When it comes to clinical trials and all the work that entails, compiling data can quickly become a tedious challenge. To deconstruct the data and turn it into meaningful information, you must be able to use Machine Learning libraries to analyze and expose potential key insights.
Researchers in clinical trials tend to wait for long periods for the data they’ve collected to be thoroughly analyzed and transformed into useable information. This is time spent that could be used more effectively if they could get their hands on such data sooner.
This is where machine learning comes in. By utilizing the technology available through machine learning, researchers can spend less time waiting for results and more time applying them. Platforms using machine learning algorithms can help improve the pace of your workflow during clinical trials by delivering immediately through AI and machine learning technology.
What Does Machine Learning Have to Offer?
Machine learning can offer researchers more than just faster data delivery times. Platforms dedicated to the field of clinical trials and study have been designed to allow researchers to interface with partners around the world to expand their scope of knowledge more quickly and efficiently. This allows for the compiling of data on a much broader level, while also expediting the construction of data models.
When it comes to discovering a new cure or treatment, the clinical trial result can sometimes take months to materialize. The healthcare research field relies on fast delivery times, and the synthetic data offered through machine learning can make taking steps toward new cures and treatments that much faster.
Instead of waiting months for trail deployment and the facilitation of targeted patient recruitment, machine learning platforms can tackle these issues in a matter of hours. The original Clinical data is transformed into privacy-compliant synthetic copies without exposing sensitive information.
What is Synthetic Clinical Data?
Synthetic health data is statistically similar to patients’ health data regarding information about their medical conditions, such as diabetes, hypertension, blood pressure, and weight. However, there is no personally identifiable information, such as names, contact information, or social security numbers.
Unlike de-identification, which hides identities while using actual patient data, the De-identification process is not foolproof, and after stripping data of personally identifiable information, the remaining data may be of limited utility. This is the advantage of synthetic data. The dataset contains patient identifying information (ID) and patient-level lab measurement data. The dataset contains statistical near-identical information patient data, but no identifiable information of the patent.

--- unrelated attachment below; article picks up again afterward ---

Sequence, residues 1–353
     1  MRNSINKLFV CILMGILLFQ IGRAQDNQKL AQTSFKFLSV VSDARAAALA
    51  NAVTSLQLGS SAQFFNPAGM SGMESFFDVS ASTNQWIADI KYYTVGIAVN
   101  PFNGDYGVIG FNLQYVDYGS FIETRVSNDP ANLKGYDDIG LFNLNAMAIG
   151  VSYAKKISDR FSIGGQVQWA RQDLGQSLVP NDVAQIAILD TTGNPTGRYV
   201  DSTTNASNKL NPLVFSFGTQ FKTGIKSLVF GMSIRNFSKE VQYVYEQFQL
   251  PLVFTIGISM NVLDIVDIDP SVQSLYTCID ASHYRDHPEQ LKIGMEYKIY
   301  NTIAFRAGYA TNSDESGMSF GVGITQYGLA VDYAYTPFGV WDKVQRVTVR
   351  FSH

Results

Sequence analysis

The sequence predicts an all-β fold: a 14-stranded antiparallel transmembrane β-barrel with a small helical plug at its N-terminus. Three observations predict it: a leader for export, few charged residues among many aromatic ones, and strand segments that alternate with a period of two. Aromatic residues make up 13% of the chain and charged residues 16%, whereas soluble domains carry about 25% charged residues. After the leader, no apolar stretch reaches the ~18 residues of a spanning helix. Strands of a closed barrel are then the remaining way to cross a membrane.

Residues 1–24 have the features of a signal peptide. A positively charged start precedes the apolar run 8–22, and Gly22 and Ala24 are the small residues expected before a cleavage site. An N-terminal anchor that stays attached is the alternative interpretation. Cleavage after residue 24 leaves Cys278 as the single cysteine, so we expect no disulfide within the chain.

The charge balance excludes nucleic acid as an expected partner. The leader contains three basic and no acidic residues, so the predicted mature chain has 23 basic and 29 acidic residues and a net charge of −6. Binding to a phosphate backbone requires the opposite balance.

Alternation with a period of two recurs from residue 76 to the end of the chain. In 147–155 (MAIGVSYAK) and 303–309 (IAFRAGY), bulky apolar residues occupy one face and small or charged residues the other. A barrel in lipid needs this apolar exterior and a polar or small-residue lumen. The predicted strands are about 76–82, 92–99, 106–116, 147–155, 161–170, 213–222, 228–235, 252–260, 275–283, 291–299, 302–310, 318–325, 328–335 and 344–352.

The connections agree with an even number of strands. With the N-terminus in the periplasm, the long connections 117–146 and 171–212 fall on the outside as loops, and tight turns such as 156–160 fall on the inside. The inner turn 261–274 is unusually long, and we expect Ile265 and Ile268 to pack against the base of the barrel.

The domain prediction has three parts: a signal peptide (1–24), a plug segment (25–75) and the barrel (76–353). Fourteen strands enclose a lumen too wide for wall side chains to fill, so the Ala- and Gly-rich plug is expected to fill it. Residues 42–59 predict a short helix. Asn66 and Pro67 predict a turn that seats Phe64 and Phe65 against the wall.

The algorithms that build the synthetic data are complex; however, the concept is simple. For example, consider an original health care dataset of 100,000 blood pressure readings, each attached to an actual patient. The computer algorithm utilizes machine learning capabilities and observes the trends of the original data set to convert this real-world data into synthetic data, Then, it will observe average and trends in blood pressure (such as associated age, gender, and how blood pressure changes).
These algorithms will be used to generate synthetic data based on the statistical characteristics of the actual data. The result is a data set of blood pressure readings that are not attached to any actual patient or patient identifiable information but are clinically accurate and valuable. Notably, the synthetic data cannot be traced back to the original patients, unlike some de-identified or anonymous data, which have been vulnerable to re-identification attacks.
Why Synthetic Data is Better?
The goal of synthetic data is to provide a clinical pathway for cures instead of treatment. While it can also help fast-track new treatments, its focus is to facilitate advancements in finding cures for major diseases, new and old.
By operating on a fast and agile analytics platform, machine learning can help you deploy quickly, while also being able to create data in hours instead of months. Tests can also be run with virtual datasets, eliminating the need for costly and lengthy testing. This evolving technology also uses differential privacy to protect the personal information of clinical trial participants in a more efficient manner than more traditional methods.
Additionally, automated processes with machine learning can cut costs by reducing the time needed to complete trials and run data analytics. AI-powered analytics can dive deeper into fragmented sources to extract more meaningful insights that may have otherwise been hidden in the data.
Synthetic data is also more accurate. Machine learning platforms can guarantee accuracy in all facets of clinical research, including testing, patient safety, and product quality. Accurate data can then be seamlessly extended to collaborate with multiple teams and even external research institutions.